Saturday, June 28, 2014

"Castillo de Huarmey" exhibit at the Lima Museum of Art

After lunch at the Sheraton Hotel with Juan Ramon, Liz and I walked to the Lima Museum of Art (MALI) where there was an exhibit of artifacts recovered from the ruins of a Wari-period palace at Huarmey, north of Lima.

The "Castle" was a stepped-pyramid shaped temple built some 1,200 years ago, and is the first unlooted tomb of nobility of the Wari culture that has been yet found by archaeologists.  It contained the remains of 63 individuals, of which 58 were females and included the bodies of three Wari queens or high-ranking noblewomen.  Over 1000 artifacts were also recovered - including the pieces depicted in the photos below.

The finds are significant because they have brought to light some previously unknown or unconfirmed facets of Wari life and cultural practices.  For example, they have allowed archaeologists and historians to glean a better view on the status of women in Wari culture. They have also confirmed that the Wari buried their notables with an assortment of grave goods, including perhaps human sacrifices, as well as the strengthening the theory that the Wari played a role in the decline of the Moche culture.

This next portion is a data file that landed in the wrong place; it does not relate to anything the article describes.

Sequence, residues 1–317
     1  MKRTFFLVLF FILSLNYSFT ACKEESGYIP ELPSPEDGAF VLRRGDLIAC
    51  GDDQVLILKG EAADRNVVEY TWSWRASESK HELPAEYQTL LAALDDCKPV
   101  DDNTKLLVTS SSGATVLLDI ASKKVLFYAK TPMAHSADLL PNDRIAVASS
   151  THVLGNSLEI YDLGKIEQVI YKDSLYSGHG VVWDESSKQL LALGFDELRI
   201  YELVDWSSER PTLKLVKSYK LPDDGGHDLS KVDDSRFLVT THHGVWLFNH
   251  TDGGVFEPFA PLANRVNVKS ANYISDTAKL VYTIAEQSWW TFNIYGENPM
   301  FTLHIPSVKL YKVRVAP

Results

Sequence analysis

Wooden ear spools decorated with turquoise, sea shells, and other materials.

Gold ear spools.

Painted leather shoe.

(More on the discovery can be read here:

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